BOOK CLUB: The Architecture Of Bathing And A Sensual Relationship To Space
A shameful truth is that I bathe quickly. Growing up, I began by taking fast showers, what my family jokingly called “business showers.” Somewhere along way, this led to business baths. We laughed, knowing this term was absurd, an oxymoron. The bath, after all, is a sacred space of leisure away from hustle and bustle. Yet I never realized my briskness was partially due to design. “Taking a fast tub bath seems wrong, and yet this is what the standard industrialized bathtubs offer us,” explains Christie Pearson in her new book The Architecture of Bathing. In her study, instead of centering the tub, Pearson prioritizes the various forms of the public bath, where lingering, socialization, and “collective regeneration” are encouraged, whether in a sacred and secular context. Like a latter-day Sigfried Giedion (who in 1948 traced the precedents of the European vapor bath), Pearson looks at today’s globalized spaces of bathing through the lenses of bodily performance, landscape, and ritual.
Why does it seem strange to consider bathing architecturally? Pearson argues this is because the structures supporting bodily maintenance have been privatized and hidden away, thus circumscribing what we imagine a bathing space to be. I was misguided to think that bathing was simply cleaning oneself in a tub. Pearson instead exits the tub and takes the reader to soak in natural bodies like rivers, streams, and oceans, and to inhabit structures like saunas, hammams, and banyas. The “architecture of bathing” takes on two meanings — the first, and most obvious, refers to spaces where bathing takes place. The second offers a way of viewing all architecture as immersive, suggesting that people soak up any environment they choose to fully inhabit.
Pearson describes hundreds of public baths, primarily across North America, Europe, and Asia. She interprets them as cross-cultural spaces of indeterminacy, collectivity, and jouissance, and she relates them to media representations of bathing and to her own experiences visiting different bathhouses. Each resulting chapter is a heterogenous collection of elements: one chapter on waterfalls, for instance, begins with a universalizing description of cascades, moves onto a scientific description of aeration, transitions into built case studies like Lawrence Halperin’s Open Space Sequence (1965–70) and Frank Lloyd Wright’s Fallingwater (1935), then ruminates on the waterslide, before finally concluding with the author’s ethnographic description of a bathhouse. Indistinct transitions between objects of analysis make the journey across the book a choppy one. However, the mixture of elements emulsifies most coherently in “Practices,” the most anthropological section of Pearson’s study. In one chapter, the space of the Russian banya is contextualized among rituals of immersion that dictate a structure’s parti. In another, the Japanese sentō is used to show a tension present in all bathing spaces: that between mimicking the natural environment and relying on industrial technology.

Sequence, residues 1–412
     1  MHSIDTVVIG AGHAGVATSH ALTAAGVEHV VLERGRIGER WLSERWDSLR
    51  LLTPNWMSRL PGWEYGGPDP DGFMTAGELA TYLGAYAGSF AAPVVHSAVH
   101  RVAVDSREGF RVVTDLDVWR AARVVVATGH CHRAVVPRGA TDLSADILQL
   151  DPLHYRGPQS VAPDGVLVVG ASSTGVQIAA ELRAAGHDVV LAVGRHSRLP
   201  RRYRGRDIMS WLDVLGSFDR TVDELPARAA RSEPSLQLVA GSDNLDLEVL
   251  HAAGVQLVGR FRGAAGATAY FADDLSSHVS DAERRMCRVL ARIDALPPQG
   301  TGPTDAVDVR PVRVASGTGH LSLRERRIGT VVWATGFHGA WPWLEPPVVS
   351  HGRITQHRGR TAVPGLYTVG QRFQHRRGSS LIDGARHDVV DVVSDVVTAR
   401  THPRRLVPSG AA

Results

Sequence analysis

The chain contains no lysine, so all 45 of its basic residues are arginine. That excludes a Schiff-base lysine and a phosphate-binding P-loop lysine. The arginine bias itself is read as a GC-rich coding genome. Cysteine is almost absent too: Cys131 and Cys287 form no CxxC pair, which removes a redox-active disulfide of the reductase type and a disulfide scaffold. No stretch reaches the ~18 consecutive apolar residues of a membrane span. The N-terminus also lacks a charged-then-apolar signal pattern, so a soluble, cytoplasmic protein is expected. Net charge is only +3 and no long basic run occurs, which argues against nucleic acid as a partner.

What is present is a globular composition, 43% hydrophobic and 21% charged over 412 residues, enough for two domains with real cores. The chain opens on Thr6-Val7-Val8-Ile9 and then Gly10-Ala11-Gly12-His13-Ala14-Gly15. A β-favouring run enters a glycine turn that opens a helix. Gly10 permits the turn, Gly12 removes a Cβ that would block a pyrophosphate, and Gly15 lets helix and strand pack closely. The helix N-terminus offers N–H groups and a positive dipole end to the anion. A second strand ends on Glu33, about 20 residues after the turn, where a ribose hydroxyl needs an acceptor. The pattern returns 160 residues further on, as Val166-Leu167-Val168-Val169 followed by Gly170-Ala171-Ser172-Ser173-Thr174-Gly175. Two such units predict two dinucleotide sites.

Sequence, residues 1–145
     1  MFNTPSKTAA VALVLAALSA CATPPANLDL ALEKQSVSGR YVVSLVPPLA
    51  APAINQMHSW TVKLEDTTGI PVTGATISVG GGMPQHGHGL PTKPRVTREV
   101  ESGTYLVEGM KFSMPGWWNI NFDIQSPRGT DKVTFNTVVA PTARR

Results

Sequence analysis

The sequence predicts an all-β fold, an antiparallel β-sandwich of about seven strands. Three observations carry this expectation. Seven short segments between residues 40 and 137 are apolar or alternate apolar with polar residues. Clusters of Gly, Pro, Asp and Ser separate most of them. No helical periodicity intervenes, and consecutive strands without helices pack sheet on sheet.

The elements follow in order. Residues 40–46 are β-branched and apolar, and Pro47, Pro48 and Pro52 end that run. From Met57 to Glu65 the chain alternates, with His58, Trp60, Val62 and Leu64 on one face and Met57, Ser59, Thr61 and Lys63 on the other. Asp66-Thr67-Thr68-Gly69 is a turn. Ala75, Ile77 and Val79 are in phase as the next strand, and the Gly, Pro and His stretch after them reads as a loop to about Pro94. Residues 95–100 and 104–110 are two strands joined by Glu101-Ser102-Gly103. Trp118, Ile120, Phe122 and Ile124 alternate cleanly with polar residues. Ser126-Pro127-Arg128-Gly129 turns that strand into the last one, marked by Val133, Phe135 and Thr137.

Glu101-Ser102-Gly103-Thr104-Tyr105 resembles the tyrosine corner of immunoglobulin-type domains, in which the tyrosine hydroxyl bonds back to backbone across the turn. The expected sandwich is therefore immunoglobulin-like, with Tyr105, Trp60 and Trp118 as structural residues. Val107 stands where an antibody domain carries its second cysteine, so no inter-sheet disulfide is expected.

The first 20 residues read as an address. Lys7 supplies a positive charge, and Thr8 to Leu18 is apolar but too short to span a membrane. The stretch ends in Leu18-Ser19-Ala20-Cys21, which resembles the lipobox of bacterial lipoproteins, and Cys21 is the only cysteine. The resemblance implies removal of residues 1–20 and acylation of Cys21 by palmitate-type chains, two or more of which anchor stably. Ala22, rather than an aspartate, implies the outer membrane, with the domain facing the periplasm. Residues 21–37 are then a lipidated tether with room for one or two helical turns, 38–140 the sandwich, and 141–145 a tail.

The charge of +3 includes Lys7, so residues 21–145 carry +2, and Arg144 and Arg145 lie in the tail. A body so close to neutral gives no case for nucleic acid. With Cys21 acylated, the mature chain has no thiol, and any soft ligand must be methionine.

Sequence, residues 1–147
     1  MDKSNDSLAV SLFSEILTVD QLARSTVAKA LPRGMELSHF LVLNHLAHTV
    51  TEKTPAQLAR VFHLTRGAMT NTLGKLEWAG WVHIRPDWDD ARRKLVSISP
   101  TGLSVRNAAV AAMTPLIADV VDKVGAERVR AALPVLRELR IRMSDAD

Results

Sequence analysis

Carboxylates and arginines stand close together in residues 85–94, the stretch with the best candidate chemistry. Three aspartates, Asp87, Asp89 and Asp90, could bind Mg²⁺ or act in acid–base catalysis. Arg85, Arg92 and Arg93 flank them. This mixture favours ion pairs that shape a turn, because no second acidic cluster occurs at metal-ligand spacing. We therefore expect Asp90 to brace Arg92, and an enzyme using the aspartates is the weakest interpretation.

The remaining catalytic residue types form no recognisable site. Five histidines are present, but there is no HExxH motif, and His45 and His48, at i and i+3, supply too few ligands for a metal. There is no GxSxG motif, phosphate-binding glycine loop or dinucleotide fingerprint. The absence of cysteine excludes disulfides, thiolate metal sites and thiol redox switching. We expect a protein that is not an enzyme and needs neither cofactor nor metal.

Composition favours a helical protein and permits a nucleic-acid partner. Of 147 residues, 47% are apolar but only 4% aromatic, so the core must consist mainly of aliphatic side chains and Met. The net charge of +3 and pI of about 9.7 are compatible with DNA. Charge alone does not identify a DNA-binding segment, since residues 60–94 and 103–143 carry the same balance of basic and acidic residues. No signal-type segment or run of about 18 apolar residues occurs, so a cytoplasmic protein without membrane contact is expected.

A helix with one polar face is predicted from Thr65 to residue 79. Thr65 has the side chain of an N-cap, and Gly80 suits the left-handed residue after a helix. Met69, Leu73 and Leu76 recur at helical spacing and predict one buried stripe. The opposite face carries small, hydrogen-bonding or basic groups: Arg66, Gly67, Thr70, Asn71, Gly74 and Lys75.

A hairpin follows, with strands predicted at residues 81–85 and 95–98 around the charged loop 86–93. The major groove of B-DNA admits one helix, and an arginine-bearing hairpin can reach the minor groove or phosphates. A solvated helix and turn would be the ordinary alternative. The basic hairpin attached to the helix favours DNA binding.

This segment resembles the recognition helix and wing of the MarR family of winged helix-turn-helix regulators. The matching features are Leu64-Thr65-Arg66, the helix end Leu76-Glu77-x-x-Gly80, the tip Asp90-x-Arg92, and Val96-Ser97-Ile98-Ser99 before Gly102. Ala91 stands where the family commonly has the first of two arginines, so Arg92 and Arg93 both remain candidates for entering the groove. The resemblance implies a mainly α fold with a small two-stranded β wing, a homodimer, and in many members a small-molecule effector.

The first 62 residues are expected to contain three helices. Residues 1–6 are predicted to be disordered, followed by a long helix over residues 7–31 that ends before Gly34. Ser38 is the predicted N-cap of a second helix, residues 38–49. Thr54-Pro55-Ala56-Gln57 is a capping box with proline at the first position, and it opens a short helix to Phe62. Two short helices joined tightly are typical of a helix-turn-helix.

Pearson’s descriptions are sensual, often sparking haptic zings during my reading experience. In an aerated river, a fish feels its surroundings like “sparkling champagne.” Zing! Or in a hot sauna, Pearson feels the roots of her hair becoming “electrified, tingling, opening, as my form curls over and down.” Zap! Collectively, such descriptions support the author’s utopian reading of public bathing, making me wish for a world that doesn’t currently exist, where water is unpolluted and accessible to all. Pearson does bring up histories of segregation and violence that have thwarted such a vision, yet I wished at times these were looked at more squarely. There are also a few case studies that appear rose-tinted in the context of the current pandemic. Take, for example, the project Vapor Apartments (2009) by architect Philippe Rahmthat, whose plan is based on “indoor humidity” (i.e. people’s sweat and breath vapor), which creates “a more sensual relationship to the space.” How I wish for a time when indoor humidity is merely pleasurable! Despite a handful of examples that haven’t aged well, the book’s insistence on bathing as a public good is convincing and pertinent at a time when governments position personal hygiene as a moral good in the fight against coronavirus. Rather than positioning hygiene as individualistic, how can it be claimed as a collective pursuit?
Pearson at one point offers artist and former competitive swimmer Leanne Shapton’s distinction between swimming and bathing. According to Shapton, swimming is a competitive and rigorous action, where people drag themselves from one location to another. Bathing, conversely, is less of an action but more of a gesture. It’s a posture where people maintain contact with the ground, allowing them to thrive. As the author offers her subjective perspective (albeit in a controlled, ethnographic way), the book asks readers to question their own relationships with bathing. It made me admit that all this time, I have been swimming in the bathtub.
Text by Nolan Boomer
Images taken from The Architecture of Bathing, a book by Christie Pearson (MIT Press, 2020).